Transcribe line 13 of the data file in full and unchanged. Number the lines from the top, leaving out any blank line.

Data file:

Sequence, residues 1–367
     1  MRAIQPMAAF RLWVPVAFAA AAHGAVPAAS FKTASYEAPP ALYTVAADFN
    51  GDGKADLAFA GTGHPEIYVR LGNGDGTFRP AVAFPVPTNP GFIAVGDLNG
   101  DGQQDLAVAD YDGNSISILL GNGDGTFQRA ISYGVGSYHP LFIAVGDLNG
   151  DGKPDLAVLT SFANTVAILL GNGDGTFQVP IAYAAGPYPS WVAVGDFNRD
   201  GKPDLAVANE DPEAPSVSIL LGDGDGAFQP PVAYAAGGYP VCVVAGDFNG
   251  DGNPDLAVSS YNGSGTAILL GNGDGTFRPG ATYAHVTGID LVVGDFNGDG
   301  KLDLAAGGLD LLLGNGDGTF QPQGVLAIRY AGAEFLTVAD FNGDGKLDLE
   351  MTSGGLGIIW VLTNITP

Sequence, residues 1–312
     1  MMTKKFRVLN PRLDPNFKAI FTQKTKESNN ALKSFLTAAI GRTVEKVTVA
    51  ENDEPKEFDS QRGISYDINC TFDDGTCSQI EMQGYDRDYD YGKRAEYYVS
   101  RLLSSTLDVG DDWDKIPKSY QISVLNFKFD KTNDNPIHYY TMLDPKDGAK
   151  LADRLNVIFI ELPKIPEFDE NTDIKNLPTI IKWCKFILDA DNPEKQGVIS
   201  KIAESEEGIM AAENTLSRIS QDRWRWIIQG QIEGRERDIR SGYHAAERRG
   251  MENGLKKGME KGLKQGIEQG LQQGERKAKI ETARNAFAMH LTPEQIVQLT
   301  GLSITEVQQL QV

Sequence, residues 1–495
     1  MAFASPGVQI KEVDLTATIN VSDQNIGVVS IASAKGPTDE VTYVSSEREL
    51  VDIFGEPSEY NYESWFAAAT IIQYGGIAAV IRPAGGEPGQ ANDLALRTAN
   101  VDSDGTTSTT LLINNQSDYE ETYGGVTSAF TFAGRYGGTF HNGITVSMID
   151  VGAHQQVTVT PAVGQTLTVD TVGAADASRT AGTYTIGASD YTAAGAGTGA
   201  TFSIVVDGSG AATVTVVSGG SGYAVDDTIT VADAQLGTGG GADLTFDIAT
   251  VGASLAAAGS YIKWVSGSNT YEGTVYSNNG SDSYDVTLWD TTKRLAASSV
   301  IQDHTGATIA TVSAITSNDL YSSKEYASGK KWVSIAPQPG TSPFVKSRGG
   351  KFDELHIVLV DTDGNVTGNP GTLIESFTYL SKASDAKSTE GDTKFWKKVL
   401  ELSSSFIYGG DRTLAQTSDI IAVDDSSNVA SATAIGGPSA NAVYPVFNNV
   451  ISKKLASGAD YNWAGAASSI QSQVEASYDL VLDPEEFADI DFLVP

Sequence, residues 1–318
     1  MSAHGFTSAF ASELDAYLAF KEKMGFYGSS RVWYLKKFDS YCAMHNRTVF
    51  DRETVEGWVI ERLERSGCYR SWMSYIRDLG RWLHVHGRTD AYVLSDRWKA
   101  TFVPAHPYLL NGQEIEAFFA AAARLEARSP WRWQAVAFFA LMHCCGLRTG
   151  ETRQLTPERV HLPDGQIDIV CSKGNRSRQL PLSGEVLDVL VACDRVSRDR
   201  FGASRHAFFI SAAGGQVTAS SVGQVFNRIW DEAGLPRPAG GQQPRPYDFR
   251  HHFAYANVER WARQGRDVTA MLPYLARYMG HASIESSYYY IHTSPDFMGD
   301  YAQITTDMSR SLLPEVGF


   101  RLLSSTLDVG DDWDKIPKSY QISVLNFKFD KTNDNPIHYY TMLDPKDGAK